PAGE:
Crime, whether it's truth, fiction or some muddled version in-between, is alluring to audiences. Look no further than your own TV for shows that focus on cops and criminals; even as an unusual form of media Serial spread like wildfire during its run, eventually surpassing five million downloads. When people tune in to crime stories, it's natural to get swept up in them for entertainment. This notion isn't lost on Barlow.
"It's very easy for people to instantly take those real-life stories and put them into the shape of archetypes and tropes that they're used to," Barlow said. "A lot of these cases — it seems to be in particular with women as well — the way you're expected to act becomes very specific. People will very quickly decide that someone like Jodi Arias is a femme fatale, and they'll pick up on slight changes in emotions. 'She doesn't seem to be being emotional enough, which she should be in this situation.'
"You have similar things with Amanda Knox. There were photos of her laughing or clips of her laughing, and people instantly said 'Well, that's not normal. She should be crying in a situation like that.'"
"we eat up so much of this kind of crime fiction, police procedural stuff."
Barlow calls these shared police interviews a sort of invasion of privacy — a betrayal. People brought in for questioning are expected to open up intimate details of their life to better explain what happened. When these details are then shared to the public, they often become fodder for entertainment.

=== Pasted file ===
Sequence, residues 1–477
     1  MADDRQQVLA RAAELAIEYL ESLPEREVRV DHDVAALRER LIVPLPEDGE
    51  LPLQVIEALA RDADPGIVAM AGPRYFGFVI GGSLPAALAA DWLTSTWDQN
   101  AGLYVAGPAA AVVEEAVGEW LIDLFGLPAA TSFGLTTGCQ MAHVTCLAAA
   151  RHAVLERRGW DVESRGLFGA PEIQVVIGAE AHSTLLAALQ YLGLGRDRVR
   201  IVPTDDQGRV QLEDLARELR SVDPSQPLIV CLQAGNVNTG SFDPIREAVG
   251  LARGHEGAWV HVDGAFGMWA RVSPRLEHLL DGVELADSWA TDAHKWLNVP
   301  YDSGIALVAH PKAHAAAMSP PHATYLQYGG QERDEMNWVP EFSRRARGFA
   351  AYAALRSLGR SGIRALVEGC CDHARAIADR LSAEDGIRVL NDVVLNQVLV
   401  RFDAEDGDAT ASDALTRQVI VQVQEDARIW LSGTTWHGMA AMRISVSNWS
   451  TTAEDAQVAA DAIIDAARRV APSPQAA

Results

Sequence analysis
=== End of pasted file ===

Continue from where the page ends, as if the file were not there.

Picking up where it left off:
"Serial is a great example," Barlow said. "Some of the people I've spoken to said that they almost felt slightly queasy or slightly guilty in the end. This ties into the same thing where we eat up so much of this kind of crime fiction, police procedural stuff. It's such a compelling story. We've kind of gotten to the point now where the line between the real stuff and the fictional stuff is really hard to draw."
With Her Story, Barlow hopes to give some agency back to the star of the game. The answers-only structure is designed in part to give this woman her voice back.
"You only ever hear the woman's testimony," Barlow said. "You only ever hear what she's saying."
Rather than just be a suspected criminal, the character gets a chance to talk through her own life. Barlow is simultaneously exploring what he calls a taboo about over-sharing our own experiences.
"There are whole swathes of life experience, different parts of your life, that it never becomes prudent to share," Barlow said. "There's almost a taboo to sharing some of this stuff ... You slowly rewrite your history and kind of remove some of those things from your life — tweak them or just kind of blur them to shift them into a peripheral view."
As for what players will uncover in Her Story, there is a big picture there. The specifics are a little more muddled. It's pretentious, Barlow jokes, but it's a bit like looking at a piece of art.
"It's more about the journey you take to get there," Barlow said. "Although you might end up assembling the same pieces in the end ... there's this more kind of exploratory way of being involved with what's going on."